Photo credits @ AdobeStock/Daniel Jędzura (illustrative photo)

Responsibility for driving time compliance in road transport companies cannot be transferred, states ECJ

A road transport company cannot avoid its responsibility for ensuring that drivers follow the rules on driving times and rest periods by passing that responsibility to someone else, states the European Court of Justice.  This decision came about in response to a case involving an Austrian haulier that designated a “responsible agent" to oversee compliance with driving times and rest periods within the company.

You can read this article in 4 minutes

An Austrian court has reached out to the European Court of Justice to decide whether a designated person within an Austrian road transport company can be held criminally responsible for violations of EU regulations on driving times and rest periods, while their conduct is not taken into account when assessing the company’s good reputation, thus raising concerns of compatibility with EU law.

The story behind the decision evolved as follows: in accordance with Austrian national law, an Austrian road transport company appointed a “responsible agent” who was responsible for ensuring compliance with driving times and rest periods within the company. It’s important to note that this person was neither a transport manager nor authorized to represent the company to third parties, nor did they have any substantial influence over the company’s management.

The designated agent contested multiple fines imposed by the administration in Austria for violations related to daily driving times and the use of tachographs.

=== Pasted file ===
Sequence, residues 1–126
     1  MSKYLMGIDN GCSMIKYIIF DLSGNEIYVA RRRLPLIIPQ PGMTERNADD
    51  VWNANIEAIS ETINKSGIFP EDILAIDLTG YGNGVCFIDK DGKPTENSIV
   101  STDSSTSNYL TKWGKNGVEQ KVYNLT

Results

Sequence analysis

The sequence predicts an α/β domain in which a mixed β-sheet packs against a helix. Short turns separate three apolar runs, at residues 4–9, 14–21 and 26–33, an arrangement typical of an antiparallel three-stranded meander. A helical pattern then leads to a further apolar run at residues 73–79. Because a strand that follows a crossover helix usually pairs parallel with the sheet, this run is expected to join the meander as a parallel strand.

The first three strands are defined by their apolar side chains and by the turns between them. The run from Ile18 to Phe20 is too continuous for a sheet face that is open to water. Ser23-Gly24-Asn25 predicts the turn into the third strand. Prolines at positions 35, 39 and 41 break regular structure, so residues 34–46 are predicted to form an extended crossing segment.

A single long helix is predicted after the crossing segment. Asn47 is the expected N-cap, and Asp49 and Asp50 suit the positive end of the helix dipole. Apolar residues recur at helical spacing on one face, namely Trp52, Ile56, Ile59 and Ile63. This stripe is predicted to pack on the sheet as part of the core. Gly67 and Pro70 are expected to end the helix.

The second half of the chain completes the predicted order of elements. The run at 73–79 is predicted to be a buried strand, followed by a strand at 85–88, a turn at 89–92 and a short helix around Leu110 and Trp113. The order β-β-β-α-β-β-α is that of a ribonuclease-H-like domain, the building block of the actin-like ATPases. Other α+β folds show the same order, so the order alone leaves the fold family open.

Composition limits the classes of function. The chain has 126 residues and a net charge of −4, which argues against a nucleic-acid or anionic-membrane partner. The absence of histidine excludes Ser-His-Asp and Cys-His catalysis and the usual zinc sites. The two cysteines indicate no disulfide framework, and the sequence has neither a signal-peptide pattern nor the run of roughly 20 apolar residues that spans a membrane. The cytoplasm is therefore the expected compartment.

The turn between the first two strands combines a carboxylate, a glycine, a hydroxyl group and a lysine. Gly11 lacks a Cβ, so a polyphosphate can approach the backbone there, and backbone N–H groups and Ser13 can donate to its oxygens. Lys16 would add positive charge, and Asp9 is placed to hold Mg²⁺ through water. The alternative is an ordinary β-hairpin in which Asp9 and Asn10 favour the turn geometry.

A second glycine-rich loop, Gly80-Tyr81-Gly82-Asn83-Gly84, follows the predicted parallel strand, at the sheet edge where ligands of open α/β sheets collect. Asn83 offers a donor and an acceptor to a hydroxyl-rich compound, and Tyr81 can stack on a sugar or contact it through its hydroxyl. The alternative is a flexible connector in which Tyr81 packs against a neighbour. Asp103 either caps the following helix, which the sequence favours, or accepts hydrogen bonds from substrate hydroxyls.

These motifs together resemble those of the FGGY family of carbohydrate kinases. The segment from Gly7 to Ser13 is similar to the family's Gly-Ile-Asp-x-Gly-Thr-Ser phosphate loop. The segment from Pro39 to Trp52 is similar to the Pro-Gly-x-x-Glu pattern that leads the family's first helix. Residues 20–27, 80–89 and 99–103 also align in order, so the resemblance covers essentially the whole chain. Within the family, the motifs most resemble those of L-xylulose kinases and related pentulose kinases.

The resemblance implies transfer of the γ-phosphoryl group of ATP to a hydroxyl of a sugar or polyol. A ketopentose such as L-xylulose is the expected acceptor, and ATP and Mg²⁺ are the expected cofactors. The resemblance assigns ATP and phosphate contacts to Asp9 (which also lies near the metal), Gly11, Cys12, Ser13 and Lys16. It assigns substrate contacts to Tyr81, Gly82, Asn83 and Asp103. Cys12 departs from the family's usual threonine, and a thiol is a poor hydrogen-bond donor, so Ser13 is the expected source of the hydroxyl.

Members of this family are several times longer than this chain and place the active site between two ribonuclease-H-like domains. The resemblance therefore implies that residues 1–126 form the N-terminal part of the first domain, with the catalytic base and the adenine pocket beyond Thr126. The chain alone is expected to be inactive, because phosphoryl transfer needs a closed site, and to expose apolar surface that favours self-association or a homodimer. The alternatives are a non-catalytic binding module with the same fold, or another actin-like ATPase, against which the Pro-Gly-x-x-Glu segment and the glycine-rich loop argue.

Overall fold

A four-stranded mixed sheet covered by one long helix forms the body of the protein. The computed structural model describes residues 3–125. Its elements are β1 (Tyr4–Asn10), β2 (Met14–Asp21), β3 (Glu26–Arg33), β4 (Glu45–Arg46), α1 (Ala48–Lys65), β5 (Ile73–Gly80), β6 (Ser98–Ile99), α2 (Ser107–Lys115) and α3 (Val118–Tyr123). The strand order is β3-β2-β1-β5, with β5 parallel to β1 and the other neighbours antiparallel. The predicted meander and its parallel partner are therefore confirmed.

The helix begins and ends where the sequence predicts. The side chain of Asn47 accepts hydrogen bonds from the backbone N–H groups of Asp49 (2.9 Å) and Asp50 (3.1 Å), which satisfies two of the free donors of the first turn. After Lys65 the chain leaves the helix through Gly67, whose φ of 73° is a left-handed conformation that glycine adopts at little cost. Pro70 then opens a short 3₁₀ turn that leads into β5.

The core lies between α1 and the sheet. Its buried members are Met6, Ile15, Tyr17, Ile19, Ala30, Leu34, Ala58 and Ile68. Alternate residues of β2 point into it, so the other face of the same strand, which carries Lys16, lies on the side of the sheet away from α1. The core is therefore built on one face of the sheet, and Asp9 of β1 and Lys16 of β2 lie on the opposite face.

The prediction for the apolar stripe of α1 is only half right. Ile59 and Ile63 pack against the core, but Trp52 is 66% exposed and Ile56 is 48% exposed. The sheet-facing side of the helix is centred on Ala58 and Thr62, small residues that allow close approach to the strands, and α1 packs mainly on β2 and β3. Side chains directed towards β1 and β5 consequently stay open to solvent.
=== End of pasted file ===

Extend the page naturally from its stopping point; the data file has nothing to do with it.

According to that court, designation as the responsible agent entails the transfer to that person of criminal responsibility for the infringements at issue, explains a press release by the ECJ adding that under Austrian law, the conduct of the designated person cannot be taken into account in order to assess whether the undertaking in question meets the requirement of good repute laid down in EU law.

The Austrian court had doubts as to whether, in those circumstances, such a designation is compatible with EU law.

As an answer to this question, the ECJ stated that a designated person such as the one in issue in the main proceedings, must be regarded as a ‘relevant person’ as determined by the Member State, with the result that that person’s conduct must be taken into account for the purpose of assessing the good repute of the undertaking in question.

Also, the ECJ finds that a national law such as that at issue prevents – in breach of EU law – the calling into question of the good repute of road transport undertakings and the imposition of penalties against them, whilst the persons who must be regarded, in relation to those undertakings, as being “relevant person[s]”, have committed serious infringements of the rules of EU law.

“The result is that the convictions for serious criminal offences against those persons and the penalties imposed will never give rise to a procedure for reviewing the good repute of the undertaking concerned and will not be taken into consideration during the checks that the competent authorities are required to carry out in order to ascertain whether the undertakings authorised to engage in the occupation of road transport operator continue to meet the requirements imposed by EU law,” the court explains.

Thus, the commission of infringements, irrespective of their number and their seriousness, can never lead to the loss of that good repute nor, consequently, the withdrawal or suspension of the authorisation to engage in the occupation of the road transport operator.

The Court has determined that assigning a person within a company to be responsible for ensuring compliance with EU regulations on driving times and rest periods of drivers and transferring criminal responsibility for any violations to that person, goes against EU law. This is especially the case when the national law does not consider the violations attributed to that designated person when assessing whether the company maintains a good reputation.